Provider of U.S. government background checks latest cyberattack victim

The main provider of background checks for the U.S. government is the latest victim of a cybersecurity attack – possibly launched by a foreign power.

U.S. Investigation Services (USIS), a key U.S. government contractor, said on Wednesday that it recently discovered a cyberattack on its corporate network. The Falls Church, Va.-based company immediately notified federal law enforcement, the Office of Personnel Management (OPM) and other federal agencies.

“Experts who have reviewed the facts gathered to-date believe it has all the markings of a state-sponsored attack,” USIS said in a statement. The company is using an independent computer forensics investigations firm to find out exactly what happened in the attack.

Some experts were not surprised USIS was targeted.

“If you think in terms of ‘attack vectors,’ an established security firm with lots of government business would be a great avenue into government sites,” Roger Kay, president of Wayland, Mass.-based research firm Endpoint Technologies, told in an email.

Cybercriminals often “feel around” from one server to the next, looking for a way to bridge between them, according to Kay.  “They get in one, see what it's connected to, and explore promising directions,” he added. “Capture a friendly [server], and the bad guys can go after its friends.”

USIS said that its staff and the company's computer systems identified the attack. “We are working alongside OPM, the Department of Homeland Security (DHS) and federal law enforcement authorities in redoubling our cybersecurity efforts,” it added. “We are working collaboratively with OPM and DHS to resolve this matter quickly and look forward to resuming service on all our contracts with them as soon as possible. We will support the authorities in the investigation and any prosecution of those determined to be responsible for this criminal attack.”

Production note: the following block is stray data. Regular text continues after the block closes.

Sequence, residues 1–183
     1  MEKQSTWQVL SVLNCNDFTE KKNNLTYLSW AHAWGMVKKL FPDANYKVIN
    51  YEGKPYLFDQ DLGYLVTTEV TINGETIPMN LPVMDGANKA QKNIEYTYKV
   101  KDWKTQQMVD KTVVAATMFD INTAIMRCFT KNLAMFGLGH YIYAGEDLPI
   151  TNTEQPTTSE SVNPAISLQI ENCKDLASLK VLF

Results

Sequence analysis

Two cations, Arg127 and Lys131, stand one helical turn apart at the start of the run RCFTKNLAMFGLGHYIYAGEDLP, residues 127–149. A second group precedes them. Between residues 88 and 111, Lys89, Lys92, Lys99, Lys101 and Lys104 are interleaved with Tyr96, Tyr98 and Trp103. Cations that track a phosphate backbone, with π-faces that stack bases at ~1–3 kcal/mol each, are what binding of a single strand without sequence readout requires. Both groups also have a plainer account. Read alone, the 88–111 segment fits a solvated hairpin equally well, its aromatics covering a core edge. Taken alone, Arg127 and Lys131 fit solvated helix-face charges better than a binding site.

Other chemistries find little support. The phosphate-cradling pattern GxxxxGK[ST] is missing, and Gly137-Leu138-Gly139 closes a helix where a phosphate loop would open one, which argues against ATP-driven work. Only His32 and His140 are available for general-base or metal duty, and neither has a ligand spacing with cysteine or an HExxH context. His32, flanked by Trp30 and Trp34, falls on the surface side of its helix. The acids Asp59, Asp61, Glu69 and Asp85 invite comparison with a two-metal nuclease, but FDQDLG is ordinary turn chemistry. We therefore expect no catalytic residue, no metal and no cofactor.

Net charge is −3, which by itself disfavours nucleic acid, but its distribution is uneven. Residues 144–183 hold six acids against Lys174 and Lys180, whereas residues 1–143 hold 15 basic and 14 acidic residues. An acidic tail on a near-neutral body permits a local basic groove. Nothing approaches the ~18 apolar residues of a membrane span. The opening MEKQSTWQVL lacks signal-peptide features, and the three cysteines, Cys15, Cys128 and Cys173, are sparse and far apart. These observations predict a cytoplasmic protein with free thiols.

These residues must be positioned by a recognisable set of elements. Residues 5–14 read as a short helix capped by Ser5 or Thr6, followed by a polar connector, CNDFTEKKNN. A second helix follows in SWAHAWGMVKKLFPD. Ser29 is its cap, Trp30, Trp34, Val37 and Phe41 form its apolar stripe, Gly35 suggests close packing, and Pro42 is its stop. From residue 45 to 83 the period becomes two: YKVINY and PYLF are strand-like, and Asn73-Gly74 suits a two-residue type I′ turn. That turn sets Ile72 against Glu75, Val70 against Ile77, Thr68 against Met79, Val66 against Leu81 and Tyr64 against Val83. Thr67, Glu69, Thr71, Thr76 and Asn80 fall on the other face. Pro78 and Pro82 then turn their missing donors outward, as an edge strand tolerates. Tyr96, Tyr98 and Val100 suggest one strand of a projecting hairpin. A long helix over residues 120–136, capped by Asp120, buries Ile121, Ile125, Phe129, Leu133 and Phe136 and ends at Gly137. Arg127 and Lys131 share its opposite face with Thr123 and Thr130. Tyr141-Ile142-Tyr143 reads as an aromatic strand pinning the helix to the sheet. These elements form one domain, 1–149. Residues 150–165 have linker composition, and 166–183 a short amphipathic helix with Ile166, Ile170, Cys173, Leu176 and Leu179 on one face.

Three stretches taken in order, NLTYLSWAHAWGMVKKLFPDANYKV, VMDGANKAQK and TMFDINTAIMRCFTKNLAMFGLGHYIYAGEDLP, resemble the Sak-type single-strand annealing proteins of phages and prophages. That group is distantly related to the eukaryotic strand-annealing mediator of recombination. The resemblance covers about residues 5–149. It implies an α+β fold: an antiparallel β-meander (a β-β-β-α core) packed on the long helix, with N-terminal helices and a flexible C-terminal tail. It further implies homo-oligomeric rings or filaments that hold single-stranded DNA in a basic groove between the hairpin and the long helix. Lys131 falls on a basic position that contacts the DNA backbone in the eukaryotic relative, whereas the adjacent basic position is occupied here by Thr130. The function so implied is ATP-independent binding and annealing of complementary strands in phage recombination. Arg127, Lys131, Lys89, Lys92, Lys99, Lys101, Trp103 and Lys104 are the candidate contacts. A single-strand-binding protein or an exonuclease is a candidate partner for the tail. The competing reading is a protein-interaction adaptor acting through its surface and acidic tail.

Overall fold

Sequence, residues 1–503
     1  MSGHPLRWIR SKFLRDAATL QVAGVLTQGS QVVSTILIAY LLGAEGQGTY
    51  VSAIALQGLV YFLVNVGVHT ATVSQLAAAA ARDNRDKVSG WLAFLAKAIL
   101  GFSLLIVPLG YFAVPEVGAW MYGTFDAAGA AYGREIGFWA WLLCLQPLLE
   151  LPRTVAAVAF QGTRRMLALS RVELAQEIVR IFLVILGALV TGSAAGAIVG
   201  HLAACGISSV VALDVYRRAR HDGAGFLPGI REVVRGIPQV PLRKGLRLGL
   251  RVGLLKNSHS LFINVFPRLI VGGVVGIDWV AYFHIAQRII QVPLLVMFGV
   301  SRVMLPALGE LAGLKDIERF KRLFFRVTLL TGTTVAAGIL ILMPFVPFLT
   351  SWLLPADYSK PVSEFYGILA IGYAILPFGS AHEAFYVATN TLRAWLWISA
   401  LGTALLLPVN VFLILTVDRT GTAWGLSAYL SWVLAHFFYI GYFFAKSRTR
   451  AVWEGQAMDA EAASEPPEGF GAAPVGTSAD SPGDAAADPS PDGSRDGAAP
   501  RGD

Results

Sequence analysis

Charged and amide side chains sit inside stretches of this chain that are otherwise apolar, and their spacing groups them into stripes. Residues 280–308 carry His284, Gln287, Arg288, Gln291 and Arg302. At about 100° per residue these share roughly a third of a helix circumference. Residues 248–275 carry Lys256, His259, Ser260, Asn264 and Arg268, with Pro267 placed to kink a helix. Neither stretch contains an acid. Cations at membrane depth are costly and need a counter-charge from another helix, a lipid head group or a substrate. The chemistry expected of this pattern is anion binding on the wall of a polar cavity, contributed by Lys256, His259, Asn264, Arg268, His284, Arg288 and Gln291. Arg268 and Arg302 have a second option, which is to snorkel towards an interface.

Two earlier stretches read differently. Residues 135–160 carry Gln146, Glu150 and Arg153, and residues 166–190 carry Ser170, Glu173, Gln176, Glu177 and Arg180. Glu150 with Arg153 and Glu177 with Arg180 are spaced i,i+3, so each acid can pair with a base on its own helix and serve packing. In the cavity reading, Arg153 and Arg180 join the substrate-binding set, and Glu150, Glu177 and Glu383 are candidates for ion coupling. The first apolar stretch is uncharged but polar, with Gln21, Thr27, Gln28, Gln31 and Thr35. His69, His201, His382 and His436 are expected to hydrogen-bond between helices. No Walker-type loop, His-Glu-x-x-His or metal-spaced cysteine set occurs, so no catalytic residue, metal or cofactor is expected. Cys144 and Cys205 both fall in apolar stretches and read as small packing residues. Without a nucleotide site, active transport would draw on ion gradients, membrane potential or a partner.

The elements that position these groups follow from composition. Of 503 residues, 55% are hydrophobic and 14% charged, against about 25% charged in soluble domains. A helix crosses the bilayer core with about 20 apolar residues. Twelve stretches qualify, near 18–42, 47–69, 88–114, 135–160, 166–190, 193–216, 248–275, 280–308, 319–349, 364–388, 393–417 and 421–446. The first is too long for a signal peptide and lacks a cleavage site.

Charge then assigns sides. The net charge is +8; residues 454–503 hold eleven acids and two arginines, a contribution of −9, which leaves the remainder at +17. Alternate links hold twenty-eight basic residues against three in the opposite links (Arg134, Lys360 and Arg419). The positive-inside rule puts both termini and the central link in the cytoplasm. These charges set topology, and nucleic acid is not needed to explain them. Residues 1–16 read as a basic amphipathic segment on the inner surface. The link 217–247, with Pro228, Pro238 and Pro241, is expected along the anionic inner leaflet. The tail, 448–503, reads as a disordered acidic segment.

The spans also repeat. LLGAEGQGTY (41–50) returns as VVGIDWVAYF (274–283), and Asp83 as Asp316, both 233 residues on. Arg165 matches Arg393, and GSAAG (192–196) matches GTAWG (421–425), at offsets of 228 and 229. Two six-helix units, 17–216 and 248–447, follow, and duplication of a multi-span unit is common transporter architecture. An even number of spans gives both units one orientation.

Specific details about the hack, such as the suspected perpetrator and the scale of the cyberattack, have not been revealed. With the investigation ongoing, USIS said that it is not providing any additional information.

In addition to background checks, USIS also provides investigative analytics and biometrics services to the government, as well as helping its records management efforts.

OPM told that it is working closely with the U.S. Computer Emergency Readiness Team (US-CERT) and the FBI to determine the attack’s impact on the agency and its partners. “Out of an abundance of caution, we are temporarily ceasing field investigative work with USIS,” said OPM Communications Director Jackie Koszczuk, in a statement emailed to “This pause will give USIS time to work with US-CERT and OPM to take the necessary steps to protect its systems.”

Koszczuk added that, to date, OPM has not been notified of any loss of personally identifiable information for its managed investigations. “OPM does not share and host information with USIS in the same way that other federal agencies do,” she said. “These are separate operations. We are vigorously working to learn the extent of the situation at USIS and we are taking appropriate actions to protect the security and integrity of our systems and data.”

The Department of Homeland Security has not yet responded to's request for comment on this story.

The USIS attack comes at a time of heightened concern about data breaches. Last year a Defense Science Board report accused China of using cyberattacks to access information from almost 40 Pentagon weapons programs, and cybersecurity tensions between the two countries continue to simmer. Last month U.S. authorities accused a Chinese businessman of hacking into the systems of American companies with major defense contracts, including Boeing.

Earlier this week, research specialist Hold Security, which has a strong track record of uncovering data breaches, reported that a Russian crime ring has got its hands on more than a billion stolen Internet credentials. Hold Security did not name the organizations affected, but said that the stolen data was gathered from 420,000 websites.

Follow James Rogers on Twitter @jamesjrogers